Disappointing that this report has received so little coverage - a little from the mainstream media and almost none from the blogosphere
In this blog I'll just address the issue of the crisis in maths education in many Australian schools, what the report describes as "the long tail of underachievement". Even though the Senate committee are somewhat unclear about solutions (in part because they sit on the fence when it comes to the maths and curriculum wars) all the data is there which identifies serious problems in Australian maths education
Not many will read the whole report but if you just read sections 3.44 (page 58) to 3.62 (page 64) that will provide you with a good overview of the maths education crisis. I'll just provide a few dots points below to highlight the main points in summary:
- the quality of aspiring teachers (in maths) is in decline, especially at primary school level
- inadequate treatment of mathematics content during teacher training, giving new teachers neither confidence nor enthusiasm to teach mathematics
- the consequence being that too many children are unprepared at the end of primary school to learn algebra, without which they cannot study mathematics at a higher level in Years 11 and 12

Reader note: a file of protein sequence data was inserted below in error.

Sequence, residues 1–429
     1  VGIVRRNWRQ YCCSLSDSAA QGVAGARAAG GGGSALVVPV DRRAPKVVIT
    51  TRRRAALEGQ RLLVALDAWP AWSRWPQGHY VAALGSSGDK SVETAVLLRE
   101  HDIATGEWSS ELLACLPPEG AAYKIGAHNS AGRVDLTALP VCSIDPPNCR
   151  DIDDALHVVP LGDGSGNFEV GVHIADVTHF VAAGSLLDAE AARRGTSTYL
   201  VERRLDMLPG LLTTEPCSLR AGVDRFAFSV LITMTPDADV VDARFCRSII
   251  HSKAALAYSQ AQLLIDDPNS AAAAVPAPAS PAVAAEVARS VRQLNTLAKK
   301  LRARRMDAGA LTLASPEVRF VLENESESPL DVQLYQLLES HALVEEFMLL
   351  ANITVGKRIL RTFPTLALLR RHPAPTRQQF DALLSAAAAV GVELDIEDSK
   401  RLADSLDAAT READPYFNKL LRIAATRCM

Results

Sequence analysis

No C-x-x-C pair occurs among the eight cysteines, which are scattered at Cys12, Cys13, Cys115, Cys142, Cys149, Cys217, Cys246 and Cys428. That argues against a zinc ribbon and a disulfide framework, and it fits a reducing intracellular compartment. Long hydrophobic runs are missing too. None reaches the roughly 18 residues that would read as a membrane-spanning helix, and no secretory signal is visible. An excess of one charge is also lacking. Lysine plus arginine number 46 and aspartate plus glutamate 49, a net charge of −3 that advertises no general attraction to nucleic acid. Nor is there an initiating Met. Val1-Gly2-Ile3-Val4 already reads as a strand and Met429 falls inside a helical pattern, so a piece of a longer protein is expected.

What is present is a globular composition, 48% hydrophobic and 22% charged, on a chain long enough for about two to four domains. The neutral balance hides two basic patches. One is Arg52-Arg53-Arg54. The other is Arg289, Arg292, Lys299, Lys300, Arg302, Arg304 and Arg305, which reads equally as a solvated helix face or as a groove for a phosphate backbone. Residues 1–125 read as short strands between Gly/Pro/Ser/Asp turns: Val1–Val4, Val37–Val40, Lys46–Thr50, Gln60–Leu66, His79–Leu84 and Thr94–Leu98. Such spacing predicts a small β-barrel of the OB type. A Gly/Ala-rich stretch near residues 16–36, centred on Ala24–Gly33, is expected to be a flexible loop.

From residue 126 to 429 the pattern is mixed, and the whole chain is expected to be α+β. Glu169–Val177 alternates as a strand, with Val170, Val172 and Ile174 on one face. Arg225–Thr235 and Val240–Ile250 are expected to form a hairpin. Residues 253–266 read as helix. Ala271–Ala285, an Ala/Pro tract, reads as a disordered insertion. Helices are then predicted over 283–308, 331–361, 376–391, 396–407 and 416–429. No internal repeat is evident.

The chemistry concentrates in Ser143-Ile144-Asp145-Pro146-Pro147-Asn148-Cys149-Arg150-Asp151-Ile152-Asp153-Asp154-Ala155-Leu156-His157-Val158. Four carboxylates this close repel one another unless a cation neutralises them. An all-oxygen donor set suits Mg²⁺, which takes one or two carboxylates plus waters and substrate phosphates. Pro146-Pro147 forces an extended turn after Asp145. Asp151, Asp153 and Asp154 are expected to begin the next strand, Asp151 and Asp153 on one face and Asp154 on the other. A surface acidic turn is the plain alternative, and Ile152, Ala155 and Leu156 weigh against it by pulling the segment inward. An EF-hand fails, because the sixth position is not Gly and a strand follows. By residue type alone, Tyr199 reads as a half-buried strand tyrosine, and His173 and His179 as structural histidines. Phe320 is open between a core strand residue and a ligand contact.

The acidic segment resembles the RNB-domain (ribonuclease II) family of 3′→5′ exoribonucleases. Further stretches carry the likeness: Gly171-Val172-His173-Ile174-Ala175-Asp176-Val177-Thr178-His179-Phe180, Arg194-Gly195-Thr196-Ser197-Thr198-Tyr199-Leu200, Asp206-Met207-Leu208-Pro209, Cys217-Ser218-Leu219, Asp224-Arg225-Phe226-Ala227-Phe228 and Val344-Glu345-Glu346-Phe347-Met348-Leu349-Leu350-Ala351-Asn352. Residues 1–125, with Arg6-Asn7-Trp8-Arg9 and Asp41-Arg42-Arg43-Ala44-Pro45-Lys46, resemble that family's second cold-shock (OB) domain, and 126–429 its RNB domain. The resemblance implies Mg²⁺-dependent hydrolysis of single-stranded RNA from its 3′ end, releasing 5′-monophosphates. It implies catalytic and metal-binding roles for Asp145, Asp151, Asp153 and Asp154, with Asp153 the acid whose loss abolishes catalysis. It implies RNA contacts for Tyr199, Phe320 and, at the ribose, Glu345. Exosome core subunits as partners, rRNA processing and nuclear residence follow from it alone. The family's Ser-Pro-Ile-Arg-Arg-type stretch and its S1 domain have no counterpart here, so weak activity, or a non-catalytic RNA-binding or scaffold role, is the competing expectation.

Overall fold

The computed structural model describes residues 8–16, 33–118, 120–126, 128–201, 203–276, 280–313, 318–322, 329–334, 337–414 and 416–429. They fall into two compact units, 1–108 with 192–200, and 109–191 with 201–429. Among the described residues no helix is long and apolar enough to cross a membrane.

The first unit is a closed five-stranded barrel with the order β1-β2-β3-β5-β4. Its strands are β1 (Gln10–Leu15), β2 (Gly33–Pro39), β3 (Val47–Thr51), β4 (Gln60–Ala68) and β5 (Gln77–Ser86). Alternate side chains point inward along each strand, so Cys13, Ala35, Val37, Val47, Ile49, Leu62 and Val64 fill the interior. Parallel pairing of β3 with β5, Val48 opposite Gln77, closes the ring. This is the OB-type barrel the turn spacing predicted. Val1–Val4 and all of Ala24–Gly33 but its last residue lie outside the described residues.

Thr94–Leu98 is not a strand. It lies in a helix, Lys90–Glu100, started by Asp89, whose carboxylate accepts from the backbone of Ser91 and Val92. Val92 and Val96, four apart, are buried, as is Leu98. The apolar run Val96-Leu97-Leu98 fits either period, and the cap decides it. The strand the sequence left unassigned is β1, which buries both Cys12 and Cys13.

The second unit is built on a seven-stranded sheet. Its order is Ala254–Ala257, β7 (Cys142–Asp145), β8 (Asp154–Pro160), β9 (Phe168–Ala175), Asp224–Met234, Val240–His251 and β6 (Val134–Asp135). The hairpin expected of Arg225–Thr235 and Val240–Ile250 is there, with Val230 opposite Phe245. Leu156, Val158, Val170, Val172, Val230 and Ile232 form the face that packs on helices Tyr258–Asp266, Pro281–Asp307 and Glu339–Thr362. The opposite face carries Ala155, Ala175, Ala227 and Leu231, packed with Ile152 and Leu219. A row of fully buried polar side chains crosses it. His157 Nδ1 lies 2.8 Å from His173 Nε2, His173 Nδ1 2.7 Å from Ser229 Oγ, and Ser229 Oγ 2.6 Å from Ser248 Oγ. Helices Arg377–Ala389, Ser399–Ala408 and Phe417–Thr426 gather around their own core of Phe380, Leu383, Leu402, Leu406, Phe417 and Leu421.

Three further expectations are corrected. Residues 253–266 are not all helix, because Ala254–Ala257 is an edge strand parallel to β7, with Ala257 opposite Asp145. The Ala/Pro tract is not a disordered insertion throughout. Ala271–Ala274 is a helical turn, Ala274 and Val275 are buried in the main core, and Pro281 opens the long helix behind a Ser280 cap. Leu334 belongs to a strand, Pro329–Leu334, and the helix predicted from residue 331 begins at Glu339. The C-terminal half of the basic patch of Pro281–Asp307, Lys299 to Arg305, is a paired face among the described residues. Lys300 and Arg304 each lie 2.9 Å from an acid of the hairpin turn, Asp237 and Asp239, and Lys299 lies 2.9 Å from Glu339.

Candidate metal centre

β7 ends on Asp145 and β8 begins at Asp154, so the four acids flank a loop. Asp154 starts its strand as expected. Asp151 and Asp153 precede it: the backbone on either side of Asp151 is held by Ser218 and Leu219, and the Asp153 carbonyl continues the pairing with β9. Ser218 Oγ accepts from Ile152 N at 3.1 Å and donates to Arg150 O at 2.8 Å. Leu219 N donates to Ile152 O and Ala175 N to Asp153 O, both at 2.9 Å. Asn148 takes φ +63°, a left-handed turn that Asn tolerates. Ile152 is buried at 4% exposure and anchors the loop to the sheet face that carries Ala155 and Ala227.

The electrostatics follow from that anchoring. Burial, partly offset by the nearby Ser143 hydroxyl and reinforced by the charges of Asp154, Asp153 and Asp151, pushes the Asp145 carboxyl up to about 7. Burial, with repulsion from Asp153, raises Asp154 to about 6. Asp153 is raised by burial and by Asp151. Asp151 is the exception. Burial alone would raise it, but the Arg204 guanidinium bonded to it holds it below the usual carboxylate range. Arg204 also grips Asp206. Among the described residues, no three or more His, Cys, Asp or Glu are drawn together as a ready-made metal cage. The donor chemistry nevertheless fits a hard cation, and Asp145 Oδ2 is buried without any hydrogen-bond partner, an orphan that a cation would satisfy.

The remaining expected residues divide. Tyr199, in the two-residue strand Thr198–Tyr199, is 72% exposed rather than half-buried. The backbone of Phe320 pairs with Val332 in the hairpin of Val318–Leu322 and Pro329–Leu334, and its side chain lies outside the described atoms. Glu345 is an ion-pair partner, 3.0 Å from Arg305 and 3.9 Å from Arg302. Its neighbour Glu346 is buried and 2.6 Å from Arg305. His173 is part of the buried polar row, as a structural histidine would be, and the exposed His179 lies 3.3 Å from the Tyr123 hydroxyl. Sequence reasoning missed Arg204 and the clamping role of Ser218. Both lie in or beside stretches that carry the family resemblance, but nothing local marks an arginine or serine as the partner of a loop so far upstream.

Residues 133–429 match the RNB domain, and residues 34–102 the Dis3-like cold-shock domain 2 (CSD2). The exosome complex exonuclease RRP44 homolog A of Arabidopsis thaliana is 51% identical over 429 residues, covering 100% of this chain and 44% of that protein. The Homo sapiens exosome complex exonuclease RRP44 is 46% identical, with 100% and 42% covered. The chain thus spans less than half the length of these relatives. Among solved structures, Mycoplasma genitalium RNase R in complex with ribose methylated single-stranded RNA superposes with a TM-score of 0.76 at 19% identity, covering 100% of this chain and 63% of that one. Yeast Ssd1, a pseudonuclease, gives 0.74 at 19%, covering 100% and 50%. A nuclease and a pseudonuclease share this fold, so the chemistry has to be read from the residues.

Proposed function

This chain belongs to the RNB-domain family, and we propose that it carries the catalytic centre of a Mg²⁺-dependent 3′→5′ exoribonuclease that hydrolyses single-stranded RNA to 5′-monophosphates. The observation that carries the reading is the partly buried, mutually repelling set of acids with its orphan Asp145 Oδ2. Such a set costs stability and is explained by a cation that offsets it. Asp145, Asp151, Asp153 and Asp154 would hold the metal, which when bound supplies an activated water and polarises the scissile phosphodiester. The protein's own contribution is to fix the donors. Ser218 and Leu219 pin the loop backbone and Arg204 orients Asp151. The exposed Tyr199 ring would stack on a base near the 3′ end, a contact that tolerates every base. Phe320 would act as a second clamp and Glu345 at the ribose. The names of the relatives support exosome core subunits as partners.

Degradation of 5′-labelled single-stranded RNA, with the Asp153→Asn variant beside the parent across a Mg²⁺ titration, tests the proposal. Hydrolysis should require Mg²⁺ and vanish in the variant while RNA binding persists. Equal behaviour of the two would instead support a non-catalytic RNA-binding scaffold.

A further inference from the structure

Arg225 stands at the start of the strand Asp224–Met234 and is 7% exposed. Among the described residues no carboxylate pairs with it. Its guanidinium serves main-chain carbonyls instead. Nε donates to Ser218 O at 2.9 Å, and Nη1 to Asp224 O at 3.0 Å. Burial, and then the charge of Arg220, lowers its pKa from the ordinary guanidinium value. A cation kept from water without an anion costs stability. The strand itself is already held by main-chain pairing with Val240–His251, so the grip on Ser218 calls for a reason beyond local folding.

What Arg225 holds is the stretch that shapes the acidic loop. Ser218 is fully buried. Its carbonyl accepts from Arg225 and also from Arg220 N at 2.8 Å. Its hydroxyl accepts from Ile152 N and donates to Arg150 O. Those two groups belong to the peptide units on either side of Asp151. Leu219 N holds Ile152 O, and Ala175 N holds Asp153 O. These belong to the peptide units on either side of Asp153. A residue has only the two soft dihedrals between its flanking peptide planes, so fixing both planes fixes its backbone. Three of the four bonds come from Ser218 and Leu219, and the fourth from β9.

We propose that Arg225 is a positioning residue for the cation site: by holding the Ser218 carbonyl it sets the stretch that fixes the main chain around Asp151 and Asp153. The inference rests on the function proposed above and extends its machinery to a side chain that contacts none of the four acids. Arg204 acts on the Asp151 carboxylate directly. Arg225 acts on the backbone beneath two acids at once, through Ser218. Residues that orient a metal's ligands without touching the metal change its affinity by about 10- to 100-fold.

- early tests of numeracy conducted by education faculties showed that a very large proportion of students (this refers to students studying to become teachers) cannot do grade 5 maths because they never learned a lot of maths at school
- People who can do maths do not choose to become primary teachers - they will do something like commerce
(1) Curriculum - whether to pursue a "deep learning" approach advocated by the Australian Association of Mathematics Teachers or whether to pursue an approach with more emphasis on basics and skill routines (Assoc. Professor Wayne Read, James Cook University)
(2) Technology - has the introduction of calculators, including graphics calculators, liberated maths from memorising and mechanical chores or have they contributed to the crisis of lack of basic understandings? This part was interesting:
In 2006 Victoria reintroduced a technology-free exam for part of the harder Year 12 subjects. It was claimed that teachers welcomed it with open arms because it meant that the students once again had to start thinking about what they were doing and be able to do things with pen and paper as well. (p. 61)There is a war on; the committee tends towards a conservative solution without really committing to either side of the expert conflict. What they say is that the curriculum debate is a secondary issue, the main issue is to improve teacher quality.
I'd be interested in discussing this Senate report and the curriculum war issues in more detail.
curriculum reform will not improve education without quality teachers